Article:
Leelah Alcorn Deserved Better: Here’s How We Can Make the World Better for Trans Teens

On December 30, 16-year-old Leelah Alcorn committed suicide. At a time when most teenagers are fighting with their parents over boyfriends and spending money, Alcorn was being punished for expressing her true gender identity, while suffering with major depression. In a suicide note posted after her death,  Leelah Alcorn attributed her suicide to her family, and society at large’s, refusal to acknowledge that she was was transgender.

When stories like these surface in the media, everyone but the most hateful bigots recognizes that the death of transgender teenagers is a horrible tragedy. What we don’t often acknowledge, though, is the role that we all play in perpetuating a culture that is extremely dangerous for transgender people.

Even in 2014, when Laverne Cox and Janet Mock are making massive strides in bringing visibility to transgender people and the issues that this oft-ignored community faces, transgender teenagers are still struggling. Around the same time that Laverne Cox was gracing the cover of TIME, lawmakers across the country were mulling over laws to keep trans kids out of the bathroom facilities that most closely matched their gender identities.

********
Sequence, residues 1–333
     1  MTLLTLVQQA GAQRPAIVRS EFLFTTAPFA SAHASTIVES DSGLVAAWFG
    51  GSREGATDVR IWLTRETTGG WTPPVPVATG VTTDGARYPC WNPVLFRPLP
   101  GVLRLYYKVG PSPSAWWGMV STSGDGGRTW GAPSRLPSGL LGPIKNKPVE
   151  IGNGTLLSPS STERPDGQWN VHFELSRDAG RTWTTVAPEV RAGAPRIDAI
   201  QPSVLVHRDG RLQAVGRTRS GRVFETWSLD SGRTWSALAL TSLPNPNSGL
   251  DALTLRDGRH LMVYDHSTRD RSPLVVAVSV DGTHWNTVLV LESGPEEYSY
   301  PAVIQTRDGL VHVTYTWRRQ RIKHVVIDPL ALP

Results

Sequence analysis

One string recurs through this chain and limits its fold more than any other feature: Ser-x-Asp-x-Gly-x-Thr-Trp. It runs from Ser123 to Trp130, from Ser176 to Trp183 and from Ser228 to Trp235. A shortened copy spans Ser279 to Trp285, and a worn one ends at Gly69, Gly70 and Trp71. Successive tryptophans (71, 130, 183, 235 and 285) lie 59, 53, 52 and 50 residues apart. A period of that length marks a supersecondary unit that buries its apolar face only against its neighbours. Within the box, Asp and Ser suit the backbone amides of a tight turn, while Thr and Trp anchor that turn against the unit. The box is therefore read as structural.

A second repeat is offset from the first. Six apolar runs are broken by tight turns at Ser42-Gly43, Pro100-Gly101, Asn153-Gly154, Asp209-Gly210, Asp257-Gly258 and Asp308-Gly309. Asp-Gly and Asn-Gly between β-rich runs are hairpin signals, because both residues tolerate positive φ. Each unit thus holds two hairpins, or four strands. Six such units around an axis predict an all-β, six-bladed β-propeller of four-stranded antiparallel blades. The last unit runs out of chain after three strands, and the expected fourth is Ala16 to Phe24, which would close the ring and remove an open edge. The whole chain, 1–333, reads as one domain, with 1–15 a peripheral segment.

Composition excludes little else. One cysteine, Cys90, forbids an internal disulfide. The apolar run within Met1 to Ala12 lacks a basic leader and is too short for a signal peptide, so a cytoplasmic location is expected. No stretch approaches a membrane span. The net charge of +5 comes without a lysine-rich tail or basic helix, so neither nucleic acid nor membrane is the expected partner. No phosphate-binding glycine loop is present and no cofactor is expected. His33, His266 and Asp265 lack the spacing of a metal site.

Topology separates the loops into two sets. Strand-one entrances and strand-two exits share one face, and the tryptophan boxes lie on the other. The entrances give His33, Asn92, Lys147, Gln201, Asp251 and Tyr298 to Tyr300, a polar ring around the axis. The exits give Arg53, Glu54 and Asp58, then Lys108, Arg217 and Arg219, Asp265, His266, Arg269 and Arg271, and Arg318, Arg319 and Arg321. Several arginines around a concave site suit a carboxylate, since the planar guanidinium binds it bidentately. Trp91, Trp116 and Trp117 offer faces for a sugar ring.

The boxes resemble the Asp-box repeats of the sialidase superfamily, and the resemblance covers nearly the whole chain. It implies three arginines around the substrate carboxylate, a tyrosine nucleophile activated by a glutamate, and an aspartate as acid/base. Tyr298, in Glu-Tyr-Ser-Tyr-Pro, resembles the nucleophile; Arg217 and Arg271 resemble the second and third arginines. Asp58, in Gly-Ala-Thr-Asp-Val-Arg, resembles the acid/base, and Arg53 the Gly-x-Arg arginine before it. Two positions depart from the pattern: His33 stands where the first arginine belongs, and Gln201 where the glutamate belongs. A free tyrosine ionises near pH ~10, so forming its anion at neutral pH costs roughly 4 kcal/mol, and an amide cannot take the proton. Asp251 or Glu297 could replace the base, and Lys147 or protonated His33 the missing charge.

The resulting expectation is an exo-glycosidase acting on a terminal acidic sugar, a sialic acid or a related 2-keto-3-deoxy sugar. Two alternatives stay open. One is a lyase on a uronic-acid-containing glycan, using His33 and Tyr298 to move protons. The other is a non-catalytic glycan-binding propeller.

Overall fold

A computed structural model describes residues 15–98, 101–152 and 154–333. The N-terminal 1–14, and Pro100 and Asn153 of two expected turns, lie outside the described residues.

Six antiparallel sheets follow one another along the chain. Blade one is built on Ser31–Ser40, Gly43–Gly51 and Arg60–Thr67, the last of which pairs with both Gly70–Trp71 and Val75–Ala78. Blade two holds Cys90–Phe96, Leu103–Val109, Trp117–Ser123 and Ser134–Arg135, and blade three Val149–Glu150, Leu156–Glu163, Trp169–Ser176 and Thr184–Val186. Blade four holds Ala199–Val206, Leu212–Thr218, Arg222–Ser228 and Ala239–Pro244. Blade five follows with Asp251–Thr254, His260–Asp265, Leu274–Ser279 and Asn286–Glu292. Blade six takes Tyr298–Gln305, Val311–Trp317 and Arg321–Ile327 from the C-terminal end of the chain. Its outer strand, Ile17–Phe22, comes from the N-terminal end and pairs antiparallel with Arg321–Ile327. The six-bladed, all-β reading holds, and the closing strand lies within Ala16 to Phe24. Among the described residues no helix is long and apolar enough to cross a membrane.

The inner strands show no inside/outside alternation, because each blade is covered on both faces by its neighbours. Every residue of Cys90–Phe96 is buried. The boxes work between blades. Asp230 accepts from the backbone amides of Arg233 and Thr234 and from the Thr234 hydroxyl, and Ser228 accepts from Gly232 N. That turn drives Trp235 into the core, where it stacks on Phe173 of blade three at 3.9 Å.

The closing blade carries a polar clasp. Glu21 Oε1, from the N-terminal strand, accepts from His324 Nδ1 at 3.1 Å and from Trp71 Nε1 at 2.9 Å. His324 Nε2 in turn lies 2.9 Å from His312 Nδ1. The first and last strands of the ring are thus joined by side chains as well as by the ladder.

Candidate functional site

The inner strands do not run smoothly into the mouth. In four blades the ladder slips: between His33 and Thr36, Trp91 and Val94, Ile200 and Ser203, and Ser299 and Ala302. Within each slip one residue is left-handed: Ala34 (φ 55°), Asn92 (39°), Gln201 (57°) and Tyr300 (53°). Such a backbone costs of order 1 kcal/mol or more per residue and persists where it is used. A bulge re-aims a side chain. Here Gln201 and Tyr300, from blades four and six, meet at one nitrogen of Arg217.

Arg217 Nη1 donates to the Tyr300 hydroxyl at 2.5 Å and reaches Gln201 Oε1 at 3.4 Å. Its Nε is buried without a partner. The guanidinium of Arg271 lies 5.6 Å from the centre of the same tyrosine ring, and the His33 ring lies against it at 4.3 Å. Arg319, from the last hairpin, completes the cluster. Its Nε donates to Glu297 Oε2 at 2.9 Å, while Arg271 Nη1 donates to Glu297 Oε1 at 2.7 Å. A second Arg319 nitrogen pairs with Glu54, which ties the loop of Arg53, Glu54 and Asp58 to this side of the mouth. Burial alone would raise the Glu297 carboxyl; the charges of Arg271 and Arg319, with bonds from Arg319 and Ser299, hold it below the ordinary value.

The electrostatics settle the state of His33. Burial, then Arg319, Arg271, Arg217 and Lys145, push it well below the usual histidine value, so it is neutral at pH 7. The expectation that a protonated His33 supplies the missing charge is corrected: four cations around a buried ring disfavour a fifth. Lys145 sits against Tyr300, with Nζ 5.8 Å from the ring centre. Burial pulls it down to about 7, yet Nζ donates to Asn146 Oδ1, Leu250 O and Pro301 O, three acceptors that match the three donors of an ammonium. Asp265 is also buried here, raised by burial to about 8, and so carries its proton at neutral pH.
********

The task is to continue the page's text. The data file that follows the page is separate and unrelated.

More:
As a culture, we functionally tell transgender kids that their identities are not valid, or to be taken seriously. Leelah Alcorn’s parents, like many others, told her that she was just “going through a phase,” and that she could never be a “real girl” because “God doesn’t make mistakes.”

Trans teenagers are acutely aware of the world that awaits them. Without support from family, they are forced to live with gender dysphoria that is often left untreated because the treatments are very costly. Gender dysphoria is an illness that kills, evidenced by the fact that nearly 25% of transgender teenagers have attempted suicide. Without a supportive family, trans teens are also left to deal with bullying and depression that often accompanies transition all alone.

These teenagers deserve better, and we can start by taking some of Leelah Alcorn’s advice. “Teach gender in schools, the earlier the better,” she writes in her final Tumblr post. Issues of gender are rarely discussed in schools, even in sex education classes. A lot of hatred and fear stem directly from ignorance, and exposing children to gender issues in their earlier years can have a profound impact on how they treat people who don’t conform to gender norms.

As adults, though, we have a broader responsibility to transgender children. Instead of meeting their decisions to transition with skepticisms and admonishments that they’re just going through a phase, we should enthusiastically encourage children and teenagers to explore their gender identities and respect their decisions if they choose to transition.  There are many of us who are uneducated about transgender issues, but that is no excuse to be insensitive to their concerns.